Coming down to the level of concrete action pathways, there is great consensus on the benefits of Nature-Based Solutions (NbS) or natural solutions, both as carbon sinks (mitigation or reduction of emissions) and sources of thermal, acoustic and landscape comfort, and holistic health and wellbeing (adaptation and resilience), always from an ecosystem-based and adaptive approach, and aligned with the needs of the community and local biodiversity. NbS can be green or blue (marine) and, in the case of Malaga city and coast, they range from an urban forest (or more), a green ring, return of occupied areas to nature (de-urbanizing beaches, for example, as proposed by the College of Geographers), rewilding of rivers and the city in general, reforestating and repopulating watersheds, and in general restoring degraded ecosystems with native and well-adapted species, such as Posidonia meadows on the coast (excellent drains) or other natural barriers to protect sandy natural beaches in particular, 50% of which are already threatened worldwide. Likewise, at the marine level, the maintenance of observation systems is essential to understand the functioning of our seas, as well as to detect the intensity and direction of the changes taking place, and guide actions accordingly. The attention was drawn to the work of the emerging NbS Cluster, a public-private alliance between entities very diverse in nature (UMA, IUCN, PROMALAGA – City Council, SMEs, small organizations and professionals), endowed with the mission of promoting, advising and participating in the implementation of NbS in Malaga, the Andalusian coast and the western Mediterranean.
Other important measures in the urban sphere, several of which are reflected in the Malaga 2050 Climate Action Plan that the OMAU is promoting, in line with the climate emergency declaration made by the City Council on October 31, 2019, which pledges to reduce municipal emissions at a rate of 7% per year as required by science, comprise among others low emissions zones (restriction or full ban on traffic of polluting vehicles), already mandatory for municipalities over 50,000 inhabitants, “superblocks” (circulation of vehicles outside only) and expansion of pedestrian zones, compacting the city and diversifying its uses in the immediate environment, energy efficiency and renovation of buildings also emphasized by Diana, control and limitation of large facilities and polluting infrastructures such as the cement factory in La Araña neighborhood, the gas power plant in Campanillas, the airport and the port, all of which have to do with a city and economic model grounded in endless growth, a linear economy and a global scale.
In synthesis, so as to evolve towards a regenerative city in accordance with the foundations of natural metabolism and ecology, the Forum advocates for closing the cycle of the economy (circular economy), renewing, regenerating and linking urban systems with natural ecosystems. Likewise, since the climate crisis does not affect all people equally, it is mandatory to guarantee a just transition that catalyzes social cohesion, redistributes employment and wealth, and eradicates economic precariousness via mechanisms such as universal basic income. In this sense, multiple fiscal policies are also proposed aiming to end fossil fuel subsidies, raising environmental taxes progressively and proportionally to income and pollution, and strongly promoting distributed renewable energy through unambiguous incentives.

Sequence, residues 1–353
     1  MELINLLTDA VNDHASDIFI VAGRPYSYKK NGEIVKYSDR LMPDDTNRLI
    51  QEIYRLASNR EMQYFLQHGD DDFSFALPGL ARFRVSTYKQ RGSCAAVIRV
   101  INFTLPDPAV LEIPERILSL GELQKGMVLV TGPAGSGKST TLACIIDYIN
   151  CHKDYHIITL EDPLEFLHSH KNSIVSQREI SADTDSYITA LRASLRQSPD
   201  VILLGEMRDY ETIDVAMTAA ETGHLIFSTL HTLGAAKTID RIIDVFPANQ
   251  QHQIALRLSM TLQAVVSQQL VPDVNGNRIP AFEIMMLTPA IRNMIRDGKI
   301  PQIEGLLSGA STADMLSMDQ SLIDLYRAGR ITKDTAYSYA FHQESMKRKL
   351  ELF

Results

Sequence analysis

In the rural world, to combat desertification, reverse soil degradation, ensure food security, drastically reduce emissions from agriculture, forestry and land use (1/3 of the total globally) and adapt to potential climate scenarios, the following practices are essential according to the IPCC: reforestation, sustainable forest management, plant-based diets, agroecology and regenerative agriculture including crop diversification and rotation, symbiosis with grazing, micro-irrigation and water harvesting, elimination of food and agricultural waste, and in general appropriate land use. Furthermore, indigenous peoples and traditional cultures possess vital knowledge for adaptation to a changing climate, like endogenous seeds and varieties, for instance.
Lastly, in order to mobilize a critical mass, regenerate the social fabric and build equity and sovereignty in communities, collective local action with a big-picture perspective constitutes the way. The thread that connects the roots of most problems and their systemic solutions is the economy, its priority and scale. On the side of the problems we find the globalized economy fixated on endless economic growth. On the solutions side, local economies focused on the wellbeing of communities and ecosystems. Consequently, our task remains to localize the economy and rethink how we understand and assess the progress, success, and impact of our actions at all levels (families, companies and organizations, governments, societies), based on standards of quality and dignity of life that are equitable, and all within our territories’ biophysical carrying capacities. Specifically, at the urban-rural interface, short loops and direct interaction between producers and consumers allow to greatly reduce emissions from global trade, provide fresh seasonal food, and therefore health, and create deep bonds and a sense of belonging to a collective life project. As Local Futures and Futuros Locales put it: “local is the key to both our future and our”. To pre-order the book “El Futuro es Local” (Local is Our Future), and contribute to its publication, please take part in this crowdfunding campaign: http://vkm.is/futurolocal
#MalagaClimaIPCC Aula del Mar Climate action Climate crisis Climate emergency Climate Science Diana Ürge-Vorsatz Diputación de Málaga Ecoherencia Futuros Locales Instituto Español de Oceanografía IPCC IUCN IUCN Med La Noria Local Futures Málaga Malaga for the Climate with the IPCC Forum Málaga Viva OMAU Rancho Limón Social Justice The Climate Journey